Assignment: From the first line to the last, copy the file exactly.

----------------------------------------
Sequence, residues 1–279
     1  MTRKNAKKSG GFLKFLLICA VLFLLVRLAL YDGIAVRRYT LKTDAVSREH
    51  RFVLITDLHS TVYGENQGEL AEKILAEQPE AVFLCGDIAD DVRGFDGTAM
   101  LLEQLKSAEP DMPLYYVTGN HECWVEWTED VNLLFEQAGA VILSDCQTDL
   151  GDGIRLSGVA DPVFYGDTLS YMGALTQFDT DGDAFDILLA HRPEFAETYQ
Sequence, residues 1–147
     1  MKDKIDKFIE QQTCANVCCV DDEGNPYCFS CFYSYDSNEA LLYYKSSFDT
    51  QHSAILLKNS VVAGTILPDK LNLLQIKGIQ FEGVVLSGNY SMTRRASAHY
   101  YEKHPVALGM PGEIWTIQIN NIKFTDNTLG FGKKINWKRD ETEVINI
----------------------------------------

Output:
Sequence, residues 1–279
     1  MTRKNAKKSG GFLKFLLICA VLFLLVRLAL YDGIAVRRYT LKTDAVSREH
    51  RFVLITDLHS TVYGENQGEL AEKILAEQPE AVFLCGDIAD DVRGFDGTAM
   101  LLEQLKSAEP DMPLYYVTGN HECWVEWTED VNLLFEQAGA VILSDCQTDL
   151  GDGIRLSGVA DPVFYGDTLS YMGALTQFDT DGDAFDILLA HRPEFAETYQ
Sequence, residues 1–147
     1  MKDKIDKFIE QQTCANVCCV DDEGNPYCFS CFYSYDSNEA LLYYKSSFDT
    51  QHSAILLKNS VVAGTILPDK LNLLQIKGIQ FEGVVLSGNY SMTRRASAHY
   101  YEKHPVALGM PGEIWTIQIN NIKFTDNTLG FGKKINWKRD ETEVINI